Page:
Although About Time is only Richard Curtis’ third directorial undertaking, the writer-director has been penning romantic comedy screenplays since the 1990s, developing a filmmaking voice that’s sentimental yet affecting and thoughtful. Although it features a few rom-com clichés, About Time is probably the most original thing that the worn-out genre has offered up since 2009’s (500) Days of Summer. Heartbreaking and often unpredictable, this is a smart, wonderful movie which provides entertainment for both males and females, not to mention it feels surprisingly natural when it could have been an artificial feature-length sitcom episode.
On his twenty-first birthday, Tim (Domhnall Gleeson) is informed by his father (Bill Nighy) that, due to a special bloodline, all of the men in his family are capable of time travel. However, they can only travel back to moments they’ve previously experienced, only needing a dark space in order to take the jump and possibly change the present. Moving to London to practise law, Tim hopes to use his special gift to find a girlfriend after striking out with gorgeous family friend Charlotte (Margot Robbie). By chance, Tim meets the beautiful Mary (Rachel McAdams), and manages to woo her thanks to his inherited abilities. Eventually marrying his dream girl and starting a family, Tim can’t help but continually tinker with time travel, ultimately doing more harm than good.
In the hands of any other filmmaker, About Time would spend two hours exploring Tim’s antics as he constantly time travels to fix mistakes while trying to win Mary’s heart, and would climax with a clichéd break-up-to-make-up scenario involving Tim coming clean and explaining his ability. It would also star someone like Taylor Lautner. But the premise is in safe hands with Curtis, who only dedicates the opening act to Tim discovering his gift and winning over Mary. From there, Curtis moves into what would be sequel territory to any other rom-com filmmaker, exploring how Tim learns to navigate marriage and deal with tough life issues. Following this, the third act commendably shifts its focus, concentrating more on Tim’s relationship with his father to observe how the two deal with such an extraordinary gift that’s kept a secret from their significant others. The two men share a warm bond, and the events and themes which stem from this lead to a rumination on being appreciative of the little moments in life, your loved ones, and simple day-to-day existence.
Of course, Tim wishes to perpetually alter things for the betterment of himself and others, but he often faces the proverbial butterfly effect. We’re left to ponder how we would deal with the various conundrums faced by Tim, who at one stage tries to course-correct his beloved sister’s life before realising that the effort was wholly unnecessary, not to mention a threat to his own existence. The notion of death is eventually introduced, and the handling is absolutely extraordinary, bestowing the film with genuine emotional resonance and weight. About Time could’ve been a convoluted mess, but it’s a smooth ride thanks to Curtis’ clever script. He also figures out a pitch-perfect way to close the picture, which frankly left this reviewer close to tears. If there’s anything to criticise, it’s that the subplot involving Charlotte is awkwardly dropped, and the feature does feel a bit long in the tooth; it could’ve been trimmed by 5-10 minutes without losing any of its impact.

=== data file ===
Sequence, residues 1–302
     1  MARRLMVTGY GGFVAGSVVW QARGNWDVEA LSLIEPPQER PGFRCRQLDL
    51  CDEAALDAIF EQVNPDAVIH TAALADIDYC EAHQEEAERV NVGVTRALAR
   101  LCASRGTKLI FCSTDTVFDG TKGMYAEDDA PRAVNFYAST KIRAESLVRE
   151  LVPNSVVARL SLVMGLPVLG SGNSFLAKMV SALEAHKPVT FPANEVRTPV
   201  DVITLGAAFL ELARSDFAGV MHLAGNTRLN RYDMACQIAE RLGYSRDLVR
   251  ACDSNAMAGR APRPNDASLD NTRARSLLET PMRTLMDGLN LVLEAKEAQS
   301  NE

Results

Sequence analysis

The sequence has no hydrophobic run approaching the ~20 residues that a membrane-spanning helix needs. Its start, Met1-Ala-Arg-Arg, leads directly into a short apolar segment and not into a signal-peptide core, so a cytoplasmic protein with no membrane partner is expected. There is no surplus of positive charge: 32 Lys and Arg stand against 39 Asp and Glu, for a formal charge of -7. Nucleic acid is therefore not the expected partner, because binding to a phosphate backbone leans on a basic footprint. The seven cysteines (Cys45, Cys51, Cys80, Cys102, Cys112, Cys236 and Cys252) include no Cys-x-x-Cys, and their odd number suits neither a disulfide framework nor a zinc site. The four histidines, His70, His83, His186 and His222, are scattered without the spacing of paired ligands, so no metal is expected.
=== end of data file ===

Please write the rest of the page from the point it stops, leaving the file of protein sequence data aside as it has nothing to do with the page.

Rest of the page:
It helps that About Time is genuinely funny as well, with the time travelling shenanigans providing more laughs than cringes. One could easily imagine a succession of sitcom gags flowing from this premise, but Curtis side-steps such a pitfall with a marvellous sleight of hand, not to mention the characters at the centre of the story feel like real people worth following and rooting for, rather than one-dimensional plot pawns used for the sake of cheap humour. At first glance, Gleeson might seem like a pale stand-in for Hugh Grant (a veteran of Curtis’ films), but he really comes into his own here. He’s a strange pick for a romantic lead considering how “normal” he is, but this is a case of picking the right actor for a role, rather than a star guaranteed to bring in more box office dollars. Gleeson also shows the character maturing over the years, becoming more confident and generally turning into an adult. McAdams is simply lovely alongside him, displaying the same level of nuance exhibited by Gleeson. Although it might’ve been nice to see Zooey Deschanel in the role (who was originally cast), McAdams is delightful, with her beauty making it easy to understand why Tim falls for her so easily. Also worth mentioning is Nighy, brilliant as always playing Tim’s father.
Curtis brings out all of the elements that have peppered his screenplays for the past two decades, with choice banter, awkward embarrassments, meet-cutes, and relatable drama. Some could bash the film for using these types of conventions, but that would be silly. Likewise, curmudgeons and cynical critics could probably pick apart the fantasy conceit with relish, but to do so would be to miss the entire point of the enterprise. Curtis did not set out to create a groundbreaking sci-fi vision; he simply used a basic idea as the basis for a romantic comedy with profound thematic undercurrents. What matters is that About Time works, and for all of its sentiment and schmaltz, it has the power to move you and make you cry, which is one hell of an achievement. Filmmakers like Michael Bay, Brett Ratner and Uwe Boll will never be able to achieve the level of emotional power that Curtis conjures up here with seemingly little effort, so it seems unnecessary to nit-pick the script. About Time is non-cynical and simply enchanting, and it absolutely deserves to be seen.